NoPa’s newest neighbors; new life for homeless seniors

NoPa neighbors take a tour of the finished Zygmunt Arendt House (ZAH), Community Housing Partnership’s (CHP) first housing development to exclusively serve formerly homeless senior citizens.

Staff from the Community Housing Partnership lead the tour, pointing out design elements in the apartments, like easy to grab thermostat controls as part of American Disability Act (ADA) Accessibility Guidelines for the Arendt building.

Neighbors step inside the apartment studios, soon to occupied by Arendt's residents.

NoPa is about to get 47 new neighbors at 850 Broderick Street. Construction that broke ground in February 2009 is the now finished Zygmunt Arendt House (ZAH), Community Housing Partnership’s (CHP) first housing development to exclusively serve formerly homeless senior citizens. Residents began moving in mid-February, and will continue at gradual rate until June when full occupancy is expected. All tenants were referred by the San Francisco Human Services Agency’s eight different access points of homeless shelters and social service agencies throughout the city.

At the Open House on February 4, CHP staff led about 30 NoPa neighbors on the first-ever tour of the building, answering questions along the way about architecture, funding and programs. The first floor hosts offices, lounges and community meeting spaces, a laundry facility, and a kitchen and dining area. Studio apartments, located on the second and third floors are each fitted with a single bed, small kitchen and private bathroom. The residency also features a courtyard garden, landscaped roof deck, and solar photovoltaic panels to reduce electricity costs.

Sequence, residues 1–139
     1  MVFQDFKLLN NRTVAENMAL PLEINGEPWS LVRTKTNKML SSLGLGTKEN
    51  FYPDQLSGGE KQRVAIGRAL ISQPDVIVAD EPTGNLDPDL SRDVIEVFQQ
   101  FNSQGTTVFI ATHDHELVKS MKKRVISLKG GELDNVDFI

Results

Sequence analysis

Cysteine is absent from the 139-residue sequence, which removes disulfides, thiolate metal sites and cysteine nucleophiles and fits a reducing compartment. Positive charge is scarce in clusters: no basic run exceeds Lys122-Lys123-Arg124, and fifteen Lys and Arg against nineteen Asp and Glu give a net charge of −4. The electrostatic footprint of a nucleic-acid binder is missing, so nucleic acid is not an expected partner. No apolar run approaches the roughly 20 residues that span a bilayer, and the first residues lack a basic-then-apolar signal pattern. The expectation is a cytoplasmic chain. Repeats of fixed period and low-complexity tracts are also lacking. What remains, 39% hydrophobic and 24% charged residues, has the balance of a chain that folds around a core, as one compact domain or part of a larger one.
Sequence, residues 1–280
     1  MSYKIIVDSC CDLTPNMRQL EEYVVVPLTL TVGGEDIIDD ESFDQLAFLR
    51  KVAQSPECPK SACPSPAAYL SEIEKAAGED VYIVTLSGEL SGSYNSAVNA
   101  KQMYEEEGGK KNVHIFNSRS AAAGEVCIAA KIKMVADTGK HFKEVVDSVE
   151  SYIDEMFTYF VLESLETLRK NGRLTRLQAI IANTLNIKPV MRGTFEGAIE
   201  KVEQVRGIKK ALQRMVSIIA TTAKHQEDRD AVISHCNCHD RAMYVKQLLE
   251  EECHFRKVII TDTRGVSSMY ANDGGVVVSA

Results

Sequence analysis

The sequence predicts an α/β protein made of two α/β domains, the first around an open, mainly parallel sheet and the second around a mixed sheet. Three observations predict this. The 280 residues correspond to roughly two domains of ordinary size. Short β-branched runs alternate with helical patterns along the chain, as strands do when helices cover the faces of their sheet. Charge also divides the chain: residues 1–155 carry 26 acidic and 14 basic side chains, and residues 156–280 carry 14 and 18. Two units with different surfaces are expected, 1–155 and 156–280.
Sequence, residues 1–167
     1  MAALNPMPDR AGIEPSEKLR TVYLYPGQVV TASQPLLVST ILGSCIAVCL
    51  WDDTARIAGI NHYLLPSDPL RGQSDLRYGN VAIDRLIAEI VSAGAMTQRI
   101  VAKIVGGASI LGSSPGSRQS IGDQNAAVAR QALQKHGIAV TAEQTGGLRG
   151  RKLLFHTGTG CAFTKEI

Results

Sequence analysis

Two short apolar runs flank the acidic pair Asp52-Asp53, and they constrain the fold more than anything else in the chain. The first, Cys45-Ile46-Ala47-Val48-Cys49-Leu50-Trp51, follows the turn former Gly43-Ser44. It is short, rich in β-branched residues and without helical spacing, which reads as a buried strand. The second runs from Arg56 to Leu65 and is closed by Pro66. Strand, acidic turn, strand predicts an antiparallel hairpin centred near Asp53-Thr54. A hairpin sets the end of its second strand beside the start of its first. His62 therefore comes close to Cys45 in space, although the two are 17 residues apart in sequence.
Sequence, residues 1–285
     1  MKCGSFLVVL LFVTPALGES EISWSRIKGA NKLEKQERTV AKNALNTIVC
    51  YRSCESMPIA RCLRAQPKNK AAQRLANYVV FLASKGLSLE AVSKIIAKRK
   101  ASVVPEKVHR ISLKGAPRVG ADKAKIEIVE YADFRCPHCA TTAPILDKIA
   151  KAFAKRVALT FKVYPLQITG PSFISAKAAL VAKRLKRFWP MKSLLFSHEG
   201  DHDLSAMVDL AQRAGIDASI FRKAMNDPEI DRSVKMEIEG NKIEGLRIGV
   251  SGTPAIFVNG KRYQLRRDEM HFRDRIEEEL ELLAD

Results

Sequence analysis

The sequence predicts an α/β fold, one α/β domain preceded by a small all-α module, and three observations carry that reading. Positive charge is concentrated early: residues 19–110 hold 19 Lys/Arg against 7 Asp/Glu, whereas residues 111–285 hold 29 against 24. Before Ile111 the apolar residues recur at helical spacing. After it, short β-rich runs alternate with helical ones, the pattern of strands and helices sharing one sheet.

At a community meeting on January 13, Gail Gillman, Executive Director of CHP, said ZAH is a wonderful opportunity for formerly homeless seniors. “The goal,” she said, “is for tenants to remain housed while integrating them back into the community.”

In addition to a long term commitment to maintain a property that adds values, community and safety, CHP will also administer extensive on-site supportive tenant services. The three case managers for ZAH will assist tenants who have a history of mental health and substance abuse issues. However, Gillman said that most of the case management will be helping residents to navigate the health care system.

On-site classes like cooking healthy on a tight budget, time management and civic engagement, life skills often lost as a result of chronic homelessness, are part of a full range of services that residents can voluntarily participate in. A large community room attached to a full kitchen provides opportunities for community meals and programs like senior exercises, computer classes, arts and crafts and books clubs. All of these classes and programs are part of a full range of services that residents can voluntarily participate in. There are also plenty of volunteer opportunities for NoPa neighbors to engage in with the residents of ZAH (at the end of article).

Neighbors are encouraged to bring questions and concerns to Stephanie Burch, ZAH’s Property Manager, for resolving issues to reinforcing curb appeal. NoPa neighbors can anticipate news to come on a Welcoming Party in June to celebrate the new ZAH residents and CHP staff in the community.

Stephanie Burch, Property Manager, (415-735-2700 x106)

Contact Kendra Fuller, Tenet Services Supervisor, (415-735-2700) for volunteer opportunities:
• Senior exercises (yoga, Tai Chi, nature walks in GG Park)
• Computer classes
• Games/Cards
• Film/Music appreciation
• Arts and Crafts (Sewing, Knitting, Fashion Design, Photography)
• Gardening
• Accompaniment to/from doctors appointments

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